1. This appeal raises the question of the applicability of s. 70 of the Indian Penal Code to fines imposed in convictions for offences under the Indian Penal Code but tried by Tribunals called the Panchayati Adalats, now known as Nyaya Panchayats.
2. The appellants were convicted by a Panchayati Adalat on February 5, 1950, for an offence under s. 379 of the Indian Penal Code and were sentenced to a fine of Rs. 75/- each. A revision against that order was taken to the High Court which was dismissed on May 13, 1953. In January 1958, proceedings were taken for the recovery of the fine imposed against the appellants by the Panchayati Adalat. In a revision against that order an objection was raised that the fine was not recoverable as it was barred by s. 70 of the Indian Penal Code. The learned Sub-Divisional Magistrate by his order dated February 6, 1958, held the recovery of the fine to be barred under that section. But a revision was taken to the District Magistrate who recommended the setting aside of the order of the sub-Divisional Magistrate on the ground that there was no period of limitation. The High Court by its order dated September 7, 1959 accepted the recommendation of the District Magistrate and held that there is no limit to the time within which the fines imposed by a Panchayati Adalat can be realised. It is against this order that the appellants have brought this appeal by special leave.
3. The conviction of the appellants was under s. 379 of the Indian penal Code and if they had been tried and convicted by a Magistrate acting under the Criminal Procedure Code, the recovery of the fine would have been barred under s. 70, Indian Penal Code. But it is submitted that if the conviction is by a Panchayati Adalat, the ban on the recovery of the fine after the expiry of six years limitation is no longer applicable.
4. It is necessary to refer to the relevant provisions of the U.P. Panchayat Raj Act (Act XXVI of 1947), hereinafter called the 'Act', as applicable to the facts of this case. Under s. 52 of the Act, certain offences are cognizable by the Panchayati Adalats and the offence under s. 379 of the Indian Penal Code is one of them. Section 54 empowers these Panchayati Adalats to impose penalties and it is provided that they have no power to inflict substantive sentences of imprisonment or imprisonment in default of payment of fine. Under s. 83, provisions of the Indian Evidence Act, Code of Criminal Procedure and the Limitation Act, are made inapplicable excepting to the extent that the Act makes them applicable. Section 94 previous for recovery of fine and it runs as follows :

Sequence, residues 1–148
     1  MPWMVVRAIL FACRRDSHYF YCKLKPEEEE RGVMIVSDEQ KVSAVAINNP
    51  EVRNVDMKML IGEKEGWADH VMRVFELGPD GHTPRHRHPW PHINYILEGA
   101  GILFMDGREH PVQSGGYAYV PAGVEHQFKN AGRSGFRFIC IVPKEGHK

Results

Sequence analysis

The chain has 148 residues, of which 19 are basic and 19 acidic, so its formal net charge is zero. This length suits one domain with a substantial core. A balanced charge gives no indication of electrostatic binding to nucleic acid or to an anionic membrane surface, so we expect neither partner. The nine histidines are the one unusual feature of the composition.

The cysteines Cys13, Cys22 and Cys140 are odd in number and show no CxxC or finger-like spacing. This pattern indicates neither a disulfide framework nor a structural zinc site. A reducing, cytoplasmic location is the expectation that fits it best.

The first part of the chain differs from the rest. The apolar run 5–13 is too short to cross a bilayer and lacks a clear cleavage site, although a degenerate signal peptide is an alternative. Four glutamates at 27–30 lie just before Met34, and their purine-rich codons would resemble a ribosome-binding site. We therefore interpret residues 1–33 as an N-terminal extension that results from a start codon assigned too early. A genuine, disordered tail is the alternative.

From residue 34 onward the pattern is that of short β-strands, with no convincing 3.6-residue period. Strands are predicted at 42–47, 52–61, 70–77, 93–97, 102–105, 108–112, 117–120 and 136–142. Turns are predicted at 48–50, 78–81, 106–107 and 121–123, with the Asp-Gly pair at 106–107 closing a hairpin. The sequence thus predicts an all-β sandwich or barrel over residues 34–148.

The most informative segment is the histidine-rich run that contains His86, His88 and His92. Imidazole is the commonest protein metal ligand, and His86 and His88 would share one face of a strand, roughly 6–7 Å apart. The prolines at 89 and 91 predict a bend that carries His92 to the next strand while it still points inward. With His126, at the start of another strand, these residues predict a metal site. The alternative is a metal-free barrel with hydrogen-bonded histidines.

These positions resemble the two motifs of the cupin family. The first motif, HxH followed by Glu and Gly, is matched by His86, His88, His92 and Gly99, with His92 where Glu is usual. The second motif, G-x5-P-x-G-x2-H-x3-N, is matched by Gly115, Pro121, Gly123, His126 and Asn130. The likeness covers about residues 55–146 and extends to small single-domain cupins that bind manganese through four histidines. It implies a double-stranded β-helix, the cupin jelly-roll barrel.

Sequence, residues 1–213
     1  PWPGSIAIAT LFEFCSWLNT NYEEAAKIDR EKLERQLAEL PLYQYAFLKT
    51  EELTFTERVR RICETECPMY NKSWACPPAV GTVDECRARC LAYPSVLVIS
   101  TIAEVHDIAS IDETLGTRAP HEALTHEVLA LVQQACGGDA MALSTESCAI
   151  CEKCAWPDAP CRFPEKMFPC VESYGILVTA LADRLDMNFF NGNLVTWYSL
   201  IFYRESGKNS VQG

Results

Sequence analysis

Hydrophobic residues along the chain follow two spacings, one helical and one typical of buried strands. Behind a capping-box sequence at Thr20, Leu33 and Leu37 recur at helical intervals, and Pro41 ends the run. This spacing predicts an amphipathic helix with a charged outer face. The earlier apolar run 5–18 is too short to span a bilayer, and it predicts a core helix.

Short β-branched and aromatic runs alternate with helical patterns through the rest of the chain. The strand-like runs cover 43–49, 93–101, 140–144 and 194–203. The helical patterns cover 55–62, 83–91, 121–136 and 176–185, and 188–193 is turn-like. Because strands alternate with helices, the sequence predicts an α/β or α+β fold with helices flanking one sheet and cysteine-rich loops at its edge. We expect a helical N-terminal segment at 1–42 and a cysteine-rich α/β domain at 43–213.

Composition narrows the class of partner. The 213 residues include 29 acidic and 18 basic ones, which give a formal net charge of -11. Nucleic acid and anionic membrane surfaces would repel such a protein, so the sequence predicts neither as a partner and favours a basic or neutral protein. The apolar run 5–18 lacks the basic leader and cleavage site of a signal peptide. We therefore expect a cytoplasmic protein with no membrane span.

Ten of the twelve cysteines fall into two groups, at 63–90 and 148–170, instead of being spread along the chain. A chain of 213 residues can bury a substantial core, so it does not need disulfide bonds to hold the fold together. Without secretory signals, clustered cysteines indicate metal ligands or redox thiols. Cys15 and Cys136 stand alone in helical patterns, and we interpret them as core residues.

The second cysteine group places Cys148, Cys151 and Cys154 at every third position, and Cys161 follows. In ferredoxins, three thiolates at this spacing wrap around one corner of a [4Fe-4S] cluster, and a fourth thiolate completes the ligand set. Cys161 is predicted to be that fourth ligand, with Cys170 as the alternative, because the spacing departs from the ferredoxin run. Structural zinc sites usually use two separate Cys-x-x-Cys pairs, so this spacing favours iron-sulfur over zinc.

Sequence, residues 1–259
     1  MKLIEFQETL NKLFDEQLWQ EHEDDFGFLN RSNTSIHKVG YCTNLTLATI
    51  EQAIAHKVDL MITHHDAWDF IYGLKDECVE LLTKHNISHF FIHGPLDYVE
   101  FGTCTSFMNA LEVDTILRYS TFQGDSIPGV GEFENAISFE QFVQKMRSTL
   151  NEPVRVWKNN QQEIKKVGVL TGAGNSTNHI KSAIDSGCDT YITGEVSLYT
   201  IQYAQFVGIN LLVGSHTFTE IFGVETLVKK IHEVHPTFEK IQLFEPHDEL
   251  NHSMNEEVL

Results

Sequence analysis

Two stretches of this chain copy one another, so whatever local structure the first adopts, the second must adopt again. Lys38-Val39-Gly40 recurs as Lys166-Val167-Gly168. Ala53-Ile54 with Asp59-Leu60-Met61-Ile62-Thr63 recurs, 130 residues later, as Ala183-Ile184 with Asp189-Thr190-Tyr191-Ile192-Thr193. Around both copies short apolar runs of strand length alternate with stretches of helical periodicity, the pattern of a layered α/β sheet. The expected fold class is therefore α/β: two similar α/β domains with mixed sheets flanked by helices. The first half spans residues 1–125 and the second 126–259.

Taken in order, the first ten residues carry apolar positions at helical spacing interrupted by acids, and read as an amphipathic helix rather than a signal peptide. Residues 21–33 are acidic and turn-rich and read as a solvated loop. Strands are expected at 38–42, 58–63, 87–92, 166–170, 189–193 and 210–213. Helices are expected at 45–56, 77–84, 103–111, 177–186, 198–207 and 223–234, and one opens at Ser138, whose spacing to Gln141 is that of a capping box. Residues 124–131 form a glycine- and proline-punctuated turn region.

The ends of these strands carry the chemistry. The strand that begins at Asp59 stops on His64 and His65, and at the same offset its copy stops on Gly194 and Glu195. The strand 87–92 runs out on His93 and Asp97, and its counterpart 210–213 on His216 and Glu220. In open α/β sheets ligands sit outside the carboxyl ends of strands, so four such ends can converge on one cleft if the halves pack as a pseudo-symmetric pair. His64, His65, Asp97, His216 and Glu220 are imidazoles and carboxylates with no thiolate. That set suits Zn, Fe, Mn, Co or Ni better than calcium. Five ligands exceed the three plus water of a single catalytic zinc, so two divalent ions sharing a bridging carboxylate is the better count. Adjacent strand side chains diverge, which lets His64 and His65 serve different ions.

'any fine imposed, or compensation ordered to be paid in s. 61 by a Nyaya Panchayat shall be recoverable in the manner prescribed. But if the Nyaya Panchayat finds any difficulty in its recovery, it may request the Sub-Divisional Magistrate within whose jurisdiction the Nyaya Panchayat lies to recover it and he shall recover it as if the sentence of fine had been passed by him.'
5. Rule 82 of the U.P. Panchayat Raj Rules deals with the limitation for writing off of fines and jurisdiction of the Panchayati Adalats. It provides as to how fines which are not recoverable can be written off, but there is no provision in this rule as to the period of limitation. Therefore as far as the Act is concerned, there is no provision prescribing a period of limitation or providing for the non-applicability of s. 70 of the Indian Penal Code to sentences of fine passed by the Panchayati Adalats. As a matter of fact s. 94 of the Act provides that if there is difficulty in the recovery of a fine, the Sub-Divisional Magistrate shall recover it as if it was a fine imposed by himself, which supports the contention of the appellants that the period of limitation as provided in s. 70 of the Indian Penal Code is not made inapplicable to convictions by Panchayati Adalats. In our opinion the District Magistrate as well as the High Court were in error in holding that the period of limitation provided by s. 70 of the Indian Penal Code is inapplicable to the recovery of fines imposed by Panchayati Adalats.
6. It was next argued that the final order which is the terminus & quo under s. 70 of the Indian Penal Code is the orders of the High Court passed in revision on May 13, 1953 and from that date the proceedings for recovery are within time. But the language of s. 70 prescribes the terminus & quo to be the date of 'passing of the sentence' by Court which passes such order and the filing of appeal or revision does not, unless specifically ordered, arrest the operation of the order of passing of the sentence of conviction. In the present case the limitation started from the date of conviction by the Panchayati Adalat and not from the date of dismissal of Revision by the High Court.
7. We therefore allow this appeal, set aside the order of the High Court and restore that of the learned Sub-Divisional magistrate dated February 6, 1958.
8. Appeal Allowed.